We get a brief scene with Kathleen in her childhood bedroom, recalling how her brother Michael convinced her she’d always be safe from thunder and lightning, and how he’d want her to forgive Henry. She doesn’t care. “Where is the justice in that?” she asks.

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Grief is one of the most compelling through-lines in The Last of Us; in a time where the world has lost so much, the tides of sorrow turn differently for everyone. Joel’s despair bubbles under his taciturn demeanor, while Ellie leans on humor to ease the unbearable tension. Lynskey’s character could be one-note, but her villainy is compellingly unnatural; her only motive is anger, and it’s taken control over someone who appears to be good underneath the vengeance.

The Last of Us Episode 5: Be afraid, be very afraid

The quartet make a move and successfully get out of the city into the suburbs. Henry’s cocky, Ellie’s laughing, but a distant gunshot sees them all ducking for cover. At the other end of the street, there’s a sniper, so Joel sneaks his way there alone. “Do you trust me?” he asks Ellie, before zig-zagging along the street.

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When he goes into the house and up the stairs, he finds the shooter: an elderly man under Kathleen’s orders to keep watch. “Please don’t do it,” Joel says, asking him to slide the gun over and leave. “That’s all you have to do.” The camera cuts away as the man turns with his gun, and the shot that rings out isn’t that of a sniper.

Joel overhears Kathleen on the radio – she’s inbound with all of her troops, and all he can do is yell, “Run!” at the top of his lungs. The blinding lights of their trucks spring Ellie, Henry, and Sam into action, but despite Joel’s best efforts with the sniper, Kathleen has them pinned down.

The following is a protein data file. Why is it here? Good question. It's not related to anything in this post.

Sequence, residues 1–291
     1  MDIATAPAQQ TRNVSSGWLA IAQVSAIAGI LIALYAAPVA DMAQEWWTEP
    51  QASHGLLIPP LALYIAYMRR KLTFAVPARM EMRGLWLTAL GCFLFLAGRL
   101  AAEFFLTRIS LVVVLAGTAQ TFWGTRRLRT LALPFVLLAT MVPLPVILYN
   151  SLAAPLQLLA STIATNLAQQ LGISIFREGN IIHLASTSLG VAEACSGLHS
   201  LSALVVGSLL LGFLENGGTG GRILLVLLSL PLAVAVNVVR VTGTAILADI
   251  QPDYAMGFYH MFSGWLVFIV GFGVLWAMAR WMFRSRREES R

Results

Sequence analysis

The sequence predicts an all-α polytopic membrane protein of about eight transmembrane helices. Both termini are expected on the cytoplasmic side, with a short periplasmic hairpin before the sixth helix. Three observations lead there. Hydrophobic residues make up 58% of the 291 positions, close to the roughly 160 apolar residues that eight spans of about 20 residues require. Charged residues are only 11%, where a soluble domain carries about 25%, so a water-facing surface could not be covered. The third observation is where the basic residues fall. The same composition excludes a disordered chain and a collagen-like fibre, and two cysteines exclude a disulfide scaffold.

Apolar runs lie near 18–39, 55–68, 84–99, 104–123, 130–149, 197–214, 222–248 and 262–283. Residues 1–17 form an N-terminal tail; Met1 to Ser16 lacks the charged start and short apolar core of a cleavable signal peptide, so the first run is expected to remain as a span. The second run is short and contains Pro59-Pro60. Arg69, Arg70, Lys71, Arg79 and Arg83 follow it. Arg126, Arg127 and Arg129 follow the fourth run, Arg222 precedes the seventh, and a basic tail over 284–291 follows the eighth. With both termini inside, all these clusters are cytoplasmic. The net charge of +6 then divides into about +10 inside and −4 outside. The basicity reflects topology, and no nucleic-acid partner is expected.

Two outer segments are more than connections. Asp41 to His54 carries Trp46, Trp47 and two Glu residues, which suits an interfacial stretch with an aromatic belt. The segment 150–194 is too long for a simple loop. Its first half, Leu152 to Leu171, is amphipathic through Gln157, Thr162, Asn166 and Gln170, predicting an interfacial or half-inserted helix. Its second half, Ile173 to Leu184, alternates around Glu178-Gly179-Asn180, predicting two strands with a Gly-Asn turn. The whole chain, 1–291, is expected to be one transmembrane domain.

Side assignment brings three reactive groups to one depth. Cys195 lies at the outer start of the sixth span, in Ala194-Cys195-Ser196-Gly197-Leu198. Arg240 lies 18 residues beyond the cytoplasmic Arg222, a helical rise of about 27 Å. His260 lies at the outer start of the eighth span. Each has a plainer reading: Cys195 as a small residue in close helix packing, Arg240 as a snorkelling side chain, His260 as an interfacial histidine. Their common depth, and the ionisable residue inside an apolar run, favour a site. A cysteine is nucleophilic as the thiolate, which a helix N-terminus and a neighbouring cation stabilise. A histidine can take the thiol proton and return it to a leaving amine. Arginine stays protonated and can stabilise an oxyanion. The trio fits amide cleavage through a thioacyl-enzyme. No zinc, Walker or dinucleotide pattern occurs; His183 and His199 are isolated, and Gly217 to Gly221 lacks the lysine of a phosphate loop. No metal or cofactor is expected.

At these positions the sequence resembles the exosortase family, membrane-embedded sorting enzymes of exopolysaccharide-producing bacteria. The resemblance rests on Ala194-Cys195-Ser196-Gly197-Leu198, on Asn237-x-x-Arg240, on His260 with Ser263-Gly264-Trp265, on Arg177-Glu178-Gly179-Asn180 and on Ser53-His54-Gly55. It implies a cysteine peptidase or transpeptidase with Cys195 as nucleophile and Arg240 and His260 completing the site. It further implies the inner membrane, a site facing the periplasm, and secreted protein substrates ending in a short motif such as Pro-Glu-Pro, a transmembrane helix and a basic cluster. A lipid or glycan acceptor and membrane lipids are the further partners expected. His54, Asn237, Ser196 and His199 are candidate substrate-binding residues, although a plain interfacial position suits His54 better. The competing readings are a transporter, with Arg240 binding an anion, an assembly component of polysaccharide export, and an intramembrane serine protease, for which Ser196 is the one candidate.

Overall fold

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Just as Henry gives himself up, one of the trucks sinks into the ground. Do you remember in the last episode, when Kathleen and Perry found a crater in the basement? There was another one under one of the homes in this neighborhood, and it was home to hundreds of infected – including Clickers and a Bloater.

The Bloater in The Last of Us Episode 5HBO

For those who haven’t played the games, they’re essentially a breed of super-infected; massive, ridiculously strong, and covered in thick, protective fungus. They can kill you in one punch and twist your head off your shoulders like they’re picking a bramble.

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Let it be said, this situation would be un-winnable in the game. It’d be like the end of Red Dead Redemption: you may put up a fight, but the enemies surrounding you are insurmountable. Nevertheless, Ellie somehow weaves in and out of the Clickers and runners without a single scratch, managing to evade a Clicker inside a car, kill one with a shiv (finally!), and rescue Henry and Sam.

Episode 2 terrifyingly brought the Clickers to life, but this time, the show feels more interested in excitement and thrills over what makes sense; Joel is constantly firing his gun, but the Clickers – who use echo-location – never run in his direction.